Credits / Transcripts / Grades
A standard IUSP course load consists of an intensive German course plus the German culture and history course during the first six weeks, and two regular IUSP courses for the eight weeks following. If 15 classroom/contact hours equate to one US semester credit hour, this regular course load would equate to 17 US semester credit hours.*
Credits will be issued in European Credit Transfer System (ECTS) points, which can be easily converted into other credit systems. Upon successful completion of your IUSP semester, an official transcript will be issued indicating the number of semester credit hours and grades earned. Here you can have a look to see how grades are listed.
IUSP uses the grading system of Philipps-Universität Marburg. Thus the transcripts contain exclusively German/Philipps-Universität grades. Have a look at a sample transcript which lists grades, contact hours and European credits. The transcript shows a regular course load for one IUSP semester.
Please bear in mind that attendance is required in order to receive credit for IUSP classes. Failure to attend classes can result in grade cuts and/or a grade not being issued to you if you do not attend lectures regularly; IUSP students do not have the option of simply sitting for the exam at the end of the semester without having attended classes. Health issues and other serious reasons for missing lectures are, of course, another matter. Please keep your teacher and/or the IUSP staff informed if you are unable to attend lectures.
*Conversion and transfer of credits varies from one institution to the other. The actual recognition and transfer of credit at the home institution is subject to the regulations there.
Things to Keep in Mind
Independent, self-directed study is heavily emphasized at German universities. There are usually no set reading assignments of a certain number of pages from textbooks. At a German university, students are expected to do independent primary and secondary reading during the course of their studies. Independent study is a crucial element of the academic freedom of a German institution and is designed to encourage self-motivation and promote interesting discussion, since not everyone has read the same material. While less demanding on a daily basis than study at a U.S. institution, independent study may ultimately be more rigorous in its demands.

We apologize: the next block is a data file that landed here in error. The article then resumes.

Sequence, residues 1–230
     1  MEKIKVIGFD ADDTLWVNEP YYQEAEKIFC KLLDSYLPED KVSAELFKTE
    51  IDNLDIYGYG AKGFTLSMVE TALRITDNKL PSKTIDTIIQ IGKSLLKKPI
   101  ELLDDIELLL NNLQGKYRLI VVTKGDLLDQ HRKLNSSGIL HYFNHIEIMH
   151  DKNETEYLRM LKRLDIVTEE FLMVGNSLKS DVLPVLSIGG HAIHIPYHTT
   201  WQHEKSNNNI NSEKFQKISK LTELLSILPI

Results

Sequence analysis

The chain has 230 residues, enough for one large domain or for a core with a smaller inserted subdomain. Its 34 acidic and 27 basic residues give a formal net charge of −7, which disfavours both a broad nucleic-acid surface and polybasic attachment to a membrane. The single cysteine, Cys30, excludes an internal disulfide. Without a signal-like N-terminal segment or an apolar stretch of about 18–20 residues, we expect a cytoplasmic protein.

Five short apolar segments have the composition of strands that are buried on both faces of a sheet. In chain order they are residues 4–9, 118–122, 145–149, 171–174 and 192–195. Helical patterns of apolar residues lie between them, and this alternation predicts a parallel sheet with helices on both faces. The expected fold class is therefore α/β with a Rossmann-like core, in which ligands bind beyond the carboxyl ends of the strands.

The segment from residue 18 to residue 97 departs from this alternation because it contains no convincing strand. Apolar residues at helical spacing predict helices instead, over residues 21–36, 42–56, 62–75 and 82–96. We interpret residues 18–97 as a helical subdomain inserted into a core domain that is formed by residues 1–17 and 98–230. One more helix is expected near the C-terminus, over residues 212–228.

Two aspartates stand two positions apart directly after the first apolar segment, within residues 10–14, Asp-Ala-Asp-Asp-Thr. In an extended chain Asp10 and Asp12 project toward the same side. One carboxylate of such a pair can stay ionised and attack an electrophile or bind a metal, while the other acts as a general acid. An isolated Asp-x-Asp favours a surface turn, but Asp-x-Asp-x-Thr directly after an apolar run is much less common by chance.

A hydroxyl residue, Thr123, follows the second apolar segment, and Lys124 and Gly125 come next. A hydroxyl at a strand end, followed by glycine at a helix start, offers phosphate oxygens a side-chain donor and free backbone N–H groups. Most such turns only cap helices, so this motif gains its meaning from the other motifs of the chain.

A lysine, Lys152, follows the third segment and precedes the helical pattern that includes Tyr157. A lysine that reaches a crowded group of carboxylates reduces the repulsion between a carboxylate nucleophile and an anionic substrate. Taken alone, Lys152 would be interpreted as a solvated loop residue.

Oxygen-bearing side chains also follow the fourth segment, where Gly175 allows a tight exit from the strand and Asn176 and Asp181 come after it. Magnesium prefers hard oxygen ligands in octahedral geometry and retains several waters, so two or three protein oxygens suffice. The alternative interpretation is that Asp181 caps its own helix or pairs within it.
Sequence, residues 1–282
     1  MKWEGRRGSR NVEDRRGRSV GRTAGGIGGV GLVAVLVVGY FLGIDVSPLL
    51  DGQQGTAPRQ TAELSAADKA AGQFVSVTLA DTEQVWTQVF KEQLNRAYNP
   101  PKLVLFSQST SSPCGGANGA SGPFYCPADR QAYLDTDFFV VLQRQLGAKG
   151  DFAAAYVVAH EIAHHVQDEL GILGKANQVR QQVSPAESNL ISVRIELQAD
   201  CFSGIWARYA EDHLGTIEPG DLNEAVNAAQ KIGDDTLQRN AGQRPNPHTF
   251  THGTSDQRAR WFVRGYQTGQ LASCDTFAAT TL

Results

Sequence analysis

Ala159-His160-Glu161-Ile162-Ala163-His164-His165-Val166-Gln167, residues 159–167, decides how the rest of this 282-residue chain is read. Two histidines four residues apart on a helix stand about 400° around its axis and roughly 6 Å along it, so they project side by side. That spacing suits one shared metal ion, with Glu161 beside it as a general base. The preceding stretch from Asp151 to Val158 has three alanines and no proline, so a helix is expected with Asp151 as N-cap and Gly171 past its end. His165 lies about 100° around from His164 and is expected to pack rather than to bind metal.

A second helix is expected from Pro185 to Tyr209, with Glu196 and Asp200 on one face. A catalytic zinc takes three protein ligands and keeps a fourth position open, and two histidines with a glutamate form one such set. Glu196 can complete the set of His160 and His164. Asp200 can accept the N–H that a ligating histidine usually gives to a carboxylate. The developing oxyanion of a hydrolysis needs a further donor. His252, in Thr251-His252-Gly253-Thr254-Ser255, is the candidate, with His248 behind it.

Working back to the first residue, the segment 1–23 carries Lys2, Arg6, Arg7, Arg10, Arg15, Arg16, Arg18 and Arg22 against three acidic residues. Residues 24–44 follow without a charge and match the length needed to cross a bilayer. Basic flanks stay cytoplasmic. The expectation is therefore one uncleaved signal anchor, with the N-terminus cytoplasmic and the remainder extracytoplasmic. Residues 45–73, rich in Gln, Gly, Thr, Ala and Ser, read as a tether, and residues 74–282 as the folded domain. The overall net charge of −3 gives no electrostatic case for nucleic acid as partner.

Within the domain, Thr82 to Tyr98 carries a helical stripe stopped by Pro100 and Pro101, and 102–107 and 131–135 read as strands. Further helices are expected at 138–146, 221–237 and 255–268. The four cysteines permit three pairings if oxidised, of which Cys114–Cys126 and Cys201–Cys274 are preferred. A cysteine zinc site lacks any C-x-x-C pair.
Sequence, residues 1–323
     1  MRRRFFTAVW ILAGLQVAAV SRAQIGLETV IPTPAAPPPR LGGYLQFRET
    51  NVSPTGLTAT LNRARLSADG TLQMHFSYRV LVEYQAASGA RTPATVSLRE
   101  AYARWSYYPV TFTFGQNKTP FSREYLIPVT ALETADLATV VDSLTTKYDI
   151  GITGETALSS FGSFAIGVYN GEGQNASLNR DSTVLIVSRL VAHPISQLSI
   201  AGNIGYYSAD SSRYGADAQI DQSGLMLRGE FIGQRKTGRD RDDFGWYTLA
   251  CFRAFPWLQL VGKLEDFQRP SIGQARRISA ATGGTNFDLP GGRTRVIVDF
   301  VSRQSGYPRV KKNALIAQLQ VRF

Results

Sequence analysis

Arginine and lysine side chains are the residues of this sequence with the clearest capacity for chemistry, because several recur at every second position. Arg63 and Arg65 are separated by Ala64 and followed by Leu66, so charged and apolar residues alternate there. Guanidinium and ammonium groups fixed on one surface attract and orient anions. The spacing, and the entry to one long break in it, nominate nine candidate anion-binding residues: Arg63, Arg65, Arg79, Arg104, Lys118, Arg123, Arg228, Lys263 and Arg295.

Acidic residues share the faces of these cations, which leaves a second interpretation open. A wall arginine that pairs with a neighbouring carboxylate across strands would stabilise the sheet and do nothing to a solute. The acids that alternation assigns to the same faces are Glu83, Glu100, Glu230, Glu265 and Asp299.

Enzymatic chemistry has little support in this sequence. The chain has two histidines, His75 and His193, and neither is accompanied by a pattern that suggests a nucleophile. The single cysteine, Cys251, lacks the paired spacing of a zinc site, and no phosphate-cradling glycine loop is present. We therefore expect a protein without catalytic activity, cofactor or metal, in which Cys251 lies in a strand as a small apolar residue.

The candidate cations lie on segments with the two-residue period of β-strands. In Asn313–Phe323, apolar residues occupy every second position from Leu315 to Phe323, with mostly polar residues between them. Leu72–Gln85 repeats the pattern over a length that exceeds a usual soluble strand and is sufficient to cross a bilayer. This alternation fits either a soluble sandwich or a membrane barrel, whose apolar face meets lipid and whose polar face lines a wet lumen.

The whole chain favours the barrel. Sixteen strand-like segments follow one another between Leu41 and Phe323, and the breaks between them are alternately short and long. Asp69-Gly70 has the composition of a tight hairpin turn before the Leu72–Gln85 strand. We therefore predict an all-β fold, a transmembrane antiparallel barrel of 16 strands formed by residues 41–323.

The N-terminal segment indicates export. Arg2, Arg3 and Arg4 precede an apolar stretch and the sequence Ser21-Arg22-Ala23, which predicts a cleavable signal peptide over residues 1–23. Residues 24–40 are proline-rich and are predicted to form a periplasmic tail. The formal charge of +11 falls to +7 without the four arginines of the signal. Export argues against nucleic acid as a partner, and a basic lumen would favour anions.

A common practice is the "akademische Viertel": Classes are scheduled on the hour, but do not actually begin until 15 minutes past the hour. This is denoted by a "c.t." (cum tempore) after the listed time of a class meeting. If this practice does not apply to a particular meeting, an "s.t." (sine tempore) will appear after the posted time. Check with other students before assuming that the "akademische Viertel" is practiced by your particular instructors.
German universities typically do not have central campuses and the classrooms, libraries and administrative buildings and offices are usually scattered throughout the town. Students are housed in some university-owned dormitories, in privately owned or church-affiliated student dormitories, or with private families, while many continue to live with their own families or join fellow students in jointly rented accommodations (Wohngemeinschaft).
A sort of "school spirit" that is virtually always present on U.S. campuses does not exist at German universities, and it is largely for this reason that U.S. students may feel a lack of community and comradeship. This may, in part, be due to the fact that German universities do not have official university sports teams. There are, however, many intramural sports opportunities available through the University such as aerobics, basketball, volleyball, soccer and swimming. You may want to check out what the Zentrum für Hochschulsport has to offer. International students who are interested in joining a sports team can also do so by joining a local private club (a "Sportverein" or a "Fussballverein", for example).
While often friendly and helpful to foreign students, professors may be far more formal and less easy to approach than their U.S. counterparts.